Iron & Wine Returns to the Well

Sam Beam explains why he's taken his musical moniker back to its earliest roots.

Sam Beam of Iron & Wine (Photo by Kim Black)

Sam Beam doesn’t write propaganda songs.

The force behind Iron & Wine has never let current events bleed directly into his lyrics, but that doesn’t mean they aren’t in there for those who care to look. On his latest record, Beast Epic, the singer-songwriter makes no overt references to the transgender bathroom controversy that took place in his native North Carolina, but listeners seeking his response need only dig a little deeper.

“I feel like anytime you write about people in an honest way, you can find connections to any issue you would like,” Beam says.

He recalls the conversation surrounding his 2007 album, The Shepherd’s Dog, which many interrupted as a reaction to George W. Bush.

“People assumed it was a political record,” he says. “It had nothing to do with politics. It had to do with my reaction to a political atmosphere and growing up into a person who was confused because they thought they knew what their fellow citizens valued, and I realized that I did not understand. It was confusing, and so a lot of the imagery and scenarios in those songs and narratives are darkly surreal. This collection is along the same lines.”

Another record that fans may think back to is 2002’s The Creek Drank the Cradle, Beam’s debut album — which was famously recorded in his home late at night while his child slept, thus resulting in the breathy whispers that have since become his signature.

In the intervening years, Beam has toyed with his formula of acoustic-minded pastoral lullabies. With his sophomore record, 2004’s Our Endless Numbered Days, he upped the fidelity by moving to a real studio and bringing in a band to record alongside him. 2011’s Kiss Each Other Clean saw Beam take a foray into pop, while 2013’s Ghost on Ghost incorporated elements of jazz.

However, it is two recent duet albums Beam recorded with Ben Bridwell of Band of Horses and singer Jesca Hoop, respectively, which he credits for the return to his original sound.

 

“What’s around the corner is always more exciting than the corner that I’m on, unfortunately,” Beam says. “So I spent years chasing that. With those two records, I had to be a cast member. I had to get more comfortable in my own shoes and just sort of enjoy it for what it was instead of trying to reimagine it all the time. I think it had a lot to do with the way this record sounds.”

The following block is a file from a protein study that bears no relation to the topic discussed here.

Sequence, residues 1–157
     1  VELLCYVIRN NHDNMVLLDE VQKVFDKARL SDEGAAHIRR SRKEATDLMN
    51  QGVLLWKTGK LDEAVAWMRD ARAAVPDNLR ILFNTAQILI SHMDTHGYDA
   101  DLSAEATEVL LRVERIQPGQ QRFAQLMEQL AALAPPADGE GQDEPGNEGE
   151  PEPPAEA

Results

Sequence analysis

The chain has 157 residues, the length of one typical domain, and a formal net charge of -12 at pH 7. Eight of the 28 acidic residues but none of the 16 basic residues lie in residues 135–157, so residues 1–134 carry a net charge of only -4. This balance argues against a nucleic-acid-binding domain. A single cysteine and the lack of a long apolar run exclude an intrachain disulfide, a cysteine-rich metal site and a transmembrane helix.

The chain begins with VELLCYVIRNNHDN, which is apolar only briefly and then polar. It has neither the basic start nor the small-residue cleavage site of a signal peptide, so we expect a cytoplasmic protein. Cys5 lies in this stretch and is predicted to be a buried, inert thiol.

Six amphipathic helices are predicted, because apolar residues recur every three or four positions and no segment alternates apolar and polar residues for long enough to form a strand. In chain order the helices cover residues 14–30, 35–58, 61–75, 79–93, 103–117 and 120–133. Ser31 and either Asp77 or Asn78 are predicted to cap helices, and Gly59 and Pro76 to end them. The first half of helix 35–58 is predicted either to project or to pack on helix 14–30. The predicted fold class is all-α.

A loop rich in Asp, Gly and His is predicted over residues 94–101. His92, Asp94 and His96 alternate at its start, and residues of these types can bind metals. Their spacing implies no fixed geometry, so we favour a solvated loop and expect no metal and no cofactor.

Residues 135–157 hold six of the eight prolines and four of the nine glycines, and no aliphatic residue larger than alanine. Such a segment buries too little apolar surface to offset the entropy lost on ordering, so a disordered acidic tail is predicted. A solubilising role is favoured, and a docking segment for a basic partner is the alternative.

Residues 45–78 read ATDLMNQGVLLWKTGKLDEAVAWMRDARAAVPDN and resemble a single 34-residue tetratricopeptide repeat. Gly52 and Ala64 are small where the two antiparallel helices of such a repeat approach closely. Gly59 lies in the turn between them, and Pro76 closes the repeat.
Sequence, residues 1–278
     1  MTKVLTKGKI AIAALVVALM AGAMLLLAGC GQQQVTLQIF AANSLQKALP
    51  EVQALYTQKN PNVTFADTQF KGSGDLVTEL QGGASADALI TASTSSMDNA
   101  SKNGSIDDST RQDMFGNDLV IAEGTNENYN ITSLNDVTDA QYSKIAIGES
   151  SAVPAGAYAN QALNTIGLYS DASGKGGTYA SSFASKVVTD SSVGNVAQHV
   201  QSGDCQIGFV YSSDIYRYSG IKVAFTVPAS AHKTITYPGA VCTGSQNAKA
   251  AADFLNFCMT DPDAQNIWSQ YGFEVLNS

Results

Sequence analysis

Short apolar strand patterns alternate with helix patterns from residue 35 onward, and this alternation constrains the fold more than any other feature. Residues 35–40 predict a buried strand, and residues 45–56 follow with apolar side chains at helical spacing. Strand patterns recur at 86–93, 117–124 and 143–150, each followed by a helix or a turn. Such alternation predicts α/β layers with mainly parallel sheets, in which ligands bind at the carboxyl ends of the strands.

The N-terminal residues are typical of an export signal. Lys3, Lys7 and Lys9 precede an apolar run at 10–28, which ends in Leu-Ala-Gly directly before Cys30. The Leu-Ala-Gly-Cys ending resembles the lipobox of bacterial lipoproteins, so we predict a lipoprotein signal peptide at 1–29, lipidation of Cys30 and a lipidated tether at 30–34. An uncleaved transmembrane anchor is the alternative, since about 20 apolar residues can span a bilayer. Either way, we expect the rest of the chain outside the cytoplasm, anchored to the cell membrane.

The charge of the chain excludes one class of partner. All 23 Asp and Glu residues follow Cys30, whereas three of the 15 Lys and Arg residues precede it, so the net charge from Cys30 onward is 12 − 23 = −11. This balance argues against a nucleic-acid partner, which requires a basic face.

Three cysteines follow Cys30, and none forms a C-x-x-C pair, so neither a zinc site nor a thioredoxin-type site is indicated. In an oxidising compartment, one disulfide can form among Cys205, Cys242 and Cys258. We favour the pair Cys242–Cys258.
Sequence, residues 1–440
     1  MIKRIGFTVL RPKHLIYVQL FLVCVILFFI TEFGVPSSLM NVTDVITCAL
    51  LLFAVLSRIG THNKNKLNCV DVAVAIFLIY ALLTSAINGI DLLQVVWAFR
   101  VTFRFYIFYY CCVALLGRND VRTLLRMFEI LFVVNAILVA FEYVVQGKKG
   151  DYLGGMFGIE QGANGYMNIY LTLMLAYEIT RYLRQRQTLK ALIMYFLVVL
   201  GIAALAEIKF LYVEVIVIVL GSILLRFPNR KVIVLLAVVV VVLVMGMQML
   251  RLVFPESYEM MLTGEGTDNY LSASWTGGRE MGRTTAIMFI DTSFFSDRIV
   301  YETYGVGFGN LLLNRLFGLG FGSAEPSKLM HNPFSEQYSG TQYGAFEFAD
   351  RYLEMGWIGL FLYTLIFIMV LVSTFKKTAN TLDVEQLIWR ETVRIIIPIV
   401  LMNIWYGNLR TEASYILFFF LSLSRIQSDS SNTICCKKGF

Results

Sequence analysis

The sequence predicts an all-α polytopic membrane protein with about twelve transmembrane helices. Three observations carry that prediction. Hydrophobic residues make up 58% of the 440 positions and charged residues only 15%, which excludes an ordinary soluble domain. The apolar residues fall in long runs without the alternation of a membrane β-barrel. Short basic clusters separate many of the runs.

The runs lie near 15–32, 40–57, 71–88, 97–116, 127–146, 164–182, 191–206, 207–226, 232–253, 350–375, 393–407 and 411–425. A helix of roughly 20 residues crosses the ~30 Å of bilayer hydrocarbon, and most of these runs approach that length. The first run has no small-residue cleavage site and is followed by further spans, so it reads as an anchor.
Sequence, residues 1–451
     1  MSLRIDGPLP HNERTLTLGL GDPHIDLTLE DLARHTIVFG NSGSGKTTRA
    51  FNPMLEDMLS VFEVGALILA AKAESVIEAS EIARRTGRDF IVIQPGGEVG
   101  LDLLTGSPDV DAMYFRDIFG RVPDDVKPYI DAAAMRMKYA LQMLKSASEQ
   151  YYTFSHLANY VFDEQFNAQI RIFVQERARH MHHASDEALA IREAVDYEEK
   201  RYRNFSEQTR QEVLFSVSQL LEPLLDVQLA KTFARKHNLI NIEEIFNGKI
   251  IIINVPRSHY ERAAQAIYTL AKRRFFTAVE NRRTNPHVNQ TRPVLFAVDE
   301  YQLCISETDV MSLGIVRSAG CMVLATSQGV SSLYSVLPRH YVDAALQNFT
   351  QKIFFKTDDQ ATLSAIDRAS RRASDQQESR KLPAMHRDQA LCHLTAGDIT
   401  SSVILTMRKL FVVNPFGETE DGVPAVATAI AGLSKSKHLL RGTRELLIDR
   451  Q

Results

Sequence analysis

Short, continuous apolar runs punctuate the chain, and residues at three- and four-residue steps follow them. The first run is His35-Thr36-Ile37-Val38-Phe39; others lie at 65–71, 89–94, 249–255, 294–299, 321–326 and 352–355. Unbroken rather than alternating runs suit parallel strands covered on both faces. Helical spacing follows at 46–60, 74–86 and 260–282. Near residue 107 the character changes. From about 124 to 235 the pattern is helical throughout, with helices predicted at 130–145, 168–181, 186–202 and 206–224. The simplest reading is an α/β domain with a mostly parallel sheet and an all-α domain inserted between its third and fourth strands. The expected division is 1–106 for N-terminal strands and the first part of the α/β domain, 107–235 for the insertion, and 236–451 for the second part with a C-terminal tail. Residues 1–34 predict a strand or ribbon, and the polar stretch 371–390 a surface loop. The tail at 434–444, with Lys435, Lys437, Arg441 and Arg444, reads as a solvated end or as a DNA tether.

For an album that comes in at a brisk 36 minutes, one may wonder if Beast Epic truly delivers on the second part of its title.

“I have a short attention span,” Beam says. “I’ve definitely been accused of that, but at the same time, I like having more left to say than having said too much. I definitely think there’s some value to that — just leaving space for the imagination to do the rest.”

To record Beast Epic, he turned to alternative rockers Wilco, whose Chicago Loft studio served as his base of operations. Similar to how his own home became part of the narrative with his first album, Beam says the atmosphere of the Loft found its way into his new record as well.

“It definitely affected the sound,” he confirms, “because you have the physicality of the space and how things are arranged and how comfortable you feel in the place. It’s really cozy.”

That coziness can be felt on songs like “Summer Clouds,” a love ballad stripped of hyperbole, or on “About a Bruise,” where affections are bestowed not on person but rather the charm of the American South itself.

However, while Beam may excel in creating wistful soundscapes that revel in solace and solitude, his own listening habits stretch far beyond the work of predecessors like Nick Drake.

“I listen to everything: noise, classical, jazz,” he says. “I like lots of different types of food. There’s no way you could get me to eat the same meal everyday, so why would I do the same with music?”

Still, Beam reverts back to his truest colors by immediately qualifying this statement.

“You know what I also like, though,” he offers. “Silence.”

He laughs as he realizes the truth of his statement.

“To be honest, I love music today more than I ever have in my life, but I also listen to less of it than I ever have before,” he says. “Silence has become a commodity. I have very short, intense bursts of listening, but also long periods of not listening.“

Iron & Wine, Saturday, Oct. 21, 8:30 p.m. at The Warfield, 982 Market St. $35-$50; thewarfield.com.

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